To receive service from NIC 26, host processes write doorbells 270 in the form of packets sent to a specified address on bus 32. The doorbell packet contains a mode flag, which identifies it as either a normal mode or immediate mode doorbell. Each doorbell packet contains an address, which is used by a doorbell extractor 322 to determine the CID. When multiple RDMA connections are multiplexed (tunneled) over a single TCP connection, as described in the above-mentioned provisional application 60/626,283, the doorbell data contains a tunnel ID, which the doorbell extractor translates into the CID of the TCP connection using a tunnel translation table 324. In the case of immediate mode doorbells, the doorbell packet also contains the message payload for use by RISC engine 278 in building instructions to framer 62.
Extractor 322 places the doorbells in a queue 326, from which they are read out by a context loader 328. The queue entries contain the CID, connection type and doorbell type (transmit or receive). For each doorbell, the context loader submits a context load request 330 to MMU 64, specifying the CID, type and context regions that are required. The choice of regions to be loaded depends on the queue status of QM 172: When the queue is almost empty, the QM sends a message 338 to the context loader, causing the context loader to request both the TCP and ULP context regions. This choice reduces latency of subsequent transmit processing. On the other hand, when the queue of QM 276 is not almost full, only the TCP aggregation context region is loaded. (This region is used for aggregation of multiple doorbells and decision whether a sufficiently-long TCP window remains to permit transmission before invoking the RISC engine.)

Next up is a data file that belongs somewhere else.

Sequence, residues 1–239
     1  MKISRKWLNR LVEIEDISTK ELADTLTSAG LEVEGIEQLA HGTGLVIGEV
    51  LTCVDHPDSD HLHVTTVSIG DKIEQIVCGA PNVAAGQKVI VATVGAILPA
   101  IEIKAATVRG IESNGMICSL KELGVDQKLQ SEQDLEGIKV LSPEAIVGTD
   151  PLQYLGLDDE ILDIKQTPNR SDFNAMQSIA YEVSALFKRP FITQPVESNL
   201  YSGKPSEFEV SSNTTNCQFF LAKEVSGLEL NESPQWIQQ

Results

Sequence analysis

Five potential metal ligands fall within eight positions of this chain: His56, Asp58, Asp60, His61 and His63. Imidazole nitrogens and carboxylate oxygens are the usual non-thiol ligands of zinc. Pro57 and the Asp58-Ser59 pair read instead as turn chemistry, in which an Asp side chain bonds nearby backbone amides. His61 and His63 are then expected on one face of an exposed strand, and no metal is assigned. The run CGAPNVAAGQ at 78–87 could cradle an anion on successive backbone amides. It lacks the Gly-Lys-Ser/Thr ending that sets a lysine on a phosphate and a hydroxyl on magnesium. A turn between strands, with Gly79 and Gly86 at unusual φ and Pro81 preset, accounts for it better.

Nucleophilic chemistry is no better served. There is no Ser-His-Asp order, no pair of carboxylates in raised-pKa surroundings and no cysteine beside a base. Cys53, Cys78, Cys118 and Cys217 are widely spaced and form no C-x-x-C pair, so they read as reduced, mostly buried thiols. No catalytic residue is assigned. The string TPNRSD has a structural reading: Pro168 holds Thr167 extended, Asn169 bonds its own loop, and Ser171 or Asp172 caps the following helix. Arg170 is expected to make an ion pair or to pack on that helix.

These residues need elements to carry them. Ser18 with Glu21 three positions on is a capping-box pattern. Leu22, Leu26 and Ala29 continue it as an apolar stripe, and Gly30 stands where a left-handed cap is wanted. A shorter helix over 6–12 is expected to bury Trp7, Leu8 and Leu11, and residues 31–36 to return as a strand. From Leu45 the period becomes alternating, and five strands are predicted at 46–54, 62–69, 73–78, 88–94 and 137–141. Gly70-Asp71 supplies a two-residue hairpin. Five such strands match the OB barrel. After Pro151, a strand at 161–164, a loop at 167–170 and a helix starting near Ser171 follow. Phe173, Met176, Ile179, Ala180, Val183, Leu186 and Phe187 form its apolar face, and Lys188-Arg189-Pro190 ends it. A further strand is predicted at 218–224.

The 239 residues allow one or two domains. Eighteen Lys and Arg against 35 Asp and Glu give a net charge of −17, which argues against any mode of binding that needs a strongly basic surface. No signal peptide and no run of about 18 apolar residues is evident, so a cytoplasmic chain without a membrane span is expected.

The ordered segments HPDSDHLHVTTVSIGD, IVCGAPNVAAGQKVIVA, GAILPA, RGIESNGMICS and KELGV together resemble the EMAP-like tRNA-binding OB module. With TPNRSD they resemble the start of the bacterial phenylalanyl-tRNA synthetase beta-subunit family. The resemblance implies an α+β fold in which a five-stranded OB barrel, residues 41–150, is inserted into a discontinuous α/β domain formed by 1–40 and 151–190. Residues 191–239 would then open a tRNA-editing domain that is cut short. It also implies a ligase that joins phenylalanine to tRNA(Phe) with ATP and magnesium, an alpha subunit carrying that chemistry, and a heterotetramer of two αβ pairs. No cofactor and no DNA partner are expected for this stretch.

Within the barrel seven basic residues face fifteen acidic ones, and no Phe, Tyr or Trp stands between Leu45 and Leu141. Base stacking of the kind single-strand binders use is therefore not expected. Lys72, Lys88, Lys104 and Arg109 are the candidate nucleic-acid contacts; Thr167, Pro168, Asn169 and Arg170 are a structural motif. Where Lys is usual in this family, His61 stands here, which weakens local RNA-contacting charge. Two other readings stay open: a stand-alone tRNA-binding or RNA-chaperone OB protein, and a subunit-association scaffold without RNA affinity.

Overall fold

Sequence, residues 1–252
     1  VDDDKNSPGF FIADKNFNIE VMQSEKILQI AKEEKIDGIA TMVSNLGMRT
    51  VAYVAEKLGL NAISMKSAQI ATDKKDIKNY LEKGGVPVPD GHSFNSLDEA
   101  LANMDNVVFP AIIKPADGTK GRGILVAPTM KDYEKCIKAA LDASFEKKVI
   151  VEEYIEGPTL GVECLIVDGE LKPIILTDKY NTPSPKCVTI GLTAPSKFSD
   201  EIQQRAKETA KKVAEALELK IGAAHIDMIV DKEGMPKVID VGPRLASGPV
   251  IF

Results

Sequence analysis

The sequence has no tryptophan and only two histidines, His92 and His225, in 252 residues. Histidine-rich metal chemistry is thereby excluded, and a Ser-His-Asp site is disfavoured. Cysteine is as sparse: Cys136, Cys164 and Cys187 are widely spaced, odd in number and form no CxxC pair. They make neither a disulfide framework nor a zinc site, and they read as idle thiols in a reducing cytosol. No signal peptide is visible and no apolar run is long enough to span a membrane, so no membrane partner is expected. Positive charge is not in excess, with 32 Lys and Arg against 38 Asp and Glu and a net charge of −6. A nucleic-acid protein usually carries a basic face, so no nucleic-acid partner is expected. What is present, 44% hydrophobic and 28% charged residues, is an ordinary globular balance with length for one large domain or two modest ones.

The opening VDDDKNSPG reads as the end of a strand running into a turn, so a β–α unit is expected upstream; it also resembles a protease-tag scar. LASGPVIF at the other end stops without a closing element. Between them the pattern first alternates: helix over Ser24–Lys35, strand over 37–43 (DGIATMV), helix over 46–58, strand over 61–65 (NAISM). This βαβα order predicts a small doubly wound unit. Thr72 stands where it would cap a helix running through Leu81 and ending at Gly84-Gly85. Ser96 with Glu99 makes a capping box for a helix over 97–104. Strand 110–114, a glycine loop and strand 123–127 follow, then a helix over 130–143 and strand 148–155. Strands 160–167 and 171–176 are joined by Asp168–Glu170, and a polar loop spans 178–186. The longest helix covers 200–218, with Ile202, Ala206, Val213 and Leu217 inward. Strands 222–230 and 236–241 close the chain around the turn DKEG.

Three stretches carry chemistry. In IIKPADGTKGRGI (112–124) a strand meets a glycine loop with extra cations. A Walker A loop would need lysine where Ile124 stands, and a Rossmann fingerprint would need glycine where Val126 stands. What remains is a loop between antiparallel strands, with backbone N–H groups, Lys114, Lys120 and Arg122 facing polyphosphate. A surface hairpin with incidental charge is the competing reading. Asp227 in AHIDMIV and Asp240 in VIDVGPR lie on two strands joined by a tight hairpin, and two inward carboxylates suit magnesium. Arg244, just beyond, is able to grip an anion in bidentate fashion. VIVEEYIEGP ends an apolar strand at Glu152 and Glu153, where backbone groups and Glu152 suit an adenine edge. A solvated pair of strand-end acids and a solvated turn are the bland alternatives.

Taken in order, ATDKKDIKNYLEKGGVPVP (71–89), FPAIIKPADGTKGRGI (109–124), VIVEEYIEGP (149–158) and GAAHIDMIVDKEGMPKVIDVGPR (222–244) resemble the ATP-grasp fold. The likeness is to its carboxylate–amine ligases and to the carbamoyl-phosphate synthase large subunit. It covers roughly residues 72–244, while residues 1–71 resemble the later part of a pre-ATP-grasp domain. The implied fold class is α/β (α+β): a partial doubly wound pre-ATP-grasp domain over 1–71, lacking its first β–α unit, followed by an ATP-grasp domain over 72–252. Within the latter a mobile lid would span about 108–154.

The MMU 64 fulfills the load request and then responds with a load done message 332, which also specifies the local CID (LCID) cache entry number. For transmit doorbells, the context loader then sends a transmit doorbell message 334 to TCM 274, specifying the LCID, CID, and type of the packet to be generated. For receive doorbells, a receive doorbell message 336 is sent to URCM 220.